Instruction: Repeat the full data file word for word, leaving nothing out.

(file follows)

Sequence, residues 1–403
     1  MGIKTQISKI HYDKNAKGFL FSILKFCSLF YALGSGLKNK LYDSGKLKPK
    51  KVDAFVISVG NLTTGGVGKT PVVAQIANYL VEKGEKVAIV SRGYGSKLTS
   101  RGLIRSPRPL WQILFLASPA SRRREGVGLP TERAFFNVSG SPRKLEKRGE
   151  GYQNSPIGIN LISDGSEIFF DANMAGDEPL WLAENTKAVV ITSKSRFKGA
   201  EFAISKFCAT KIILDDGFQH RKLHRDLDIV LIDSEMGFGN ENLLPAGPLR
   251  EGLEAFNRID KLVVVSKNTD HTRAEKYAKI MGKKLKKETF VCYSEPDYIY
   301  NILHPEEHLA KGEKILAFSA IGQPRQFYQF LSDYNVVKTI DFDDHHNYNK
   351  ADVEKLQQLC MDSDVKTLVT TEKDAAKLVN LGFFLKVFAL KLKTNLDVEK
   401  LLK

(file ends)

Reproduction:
Sequence, residues 1–403
     1  MGIKTQISKI HYDKNAKGFL FSILKFCSLF YALGSGLKNK LYDSGKLKPK
    51  KVDAFVISVG NLTTGGVGKT PVVAQIANYL VEKGEKVAIV SRGYGSKLTS
   101  RGLIRSPRPL WQILFLASPA SRRREGVGLP TERAFFNVSG SPRKLEKRGE
   151  GYQNSPIGIN LISDGSEIFF DANMAGDEPL WLAENTKAVV ITSKSRFKGA
   201  EFAISKFCAT KIILDDGFQH RKLHRDLDIV LIDSEMGFGN ENLLPAGPLR
   251  EGLEAFNRID KLVVVSKNTD HTRAEKYAKI MGKKLKKETF VCYSEPDYIY
   301  NILHPEEHLA KGEKILAFSA IGQPRQFYQF LSDYNVVKTI DFDDHHNYNK
   351  ADVEKLQQLC MDSDVKTLVT TEKDAAKLVN LGFFLKVFAL KLKTNLDVEK
   401  LLK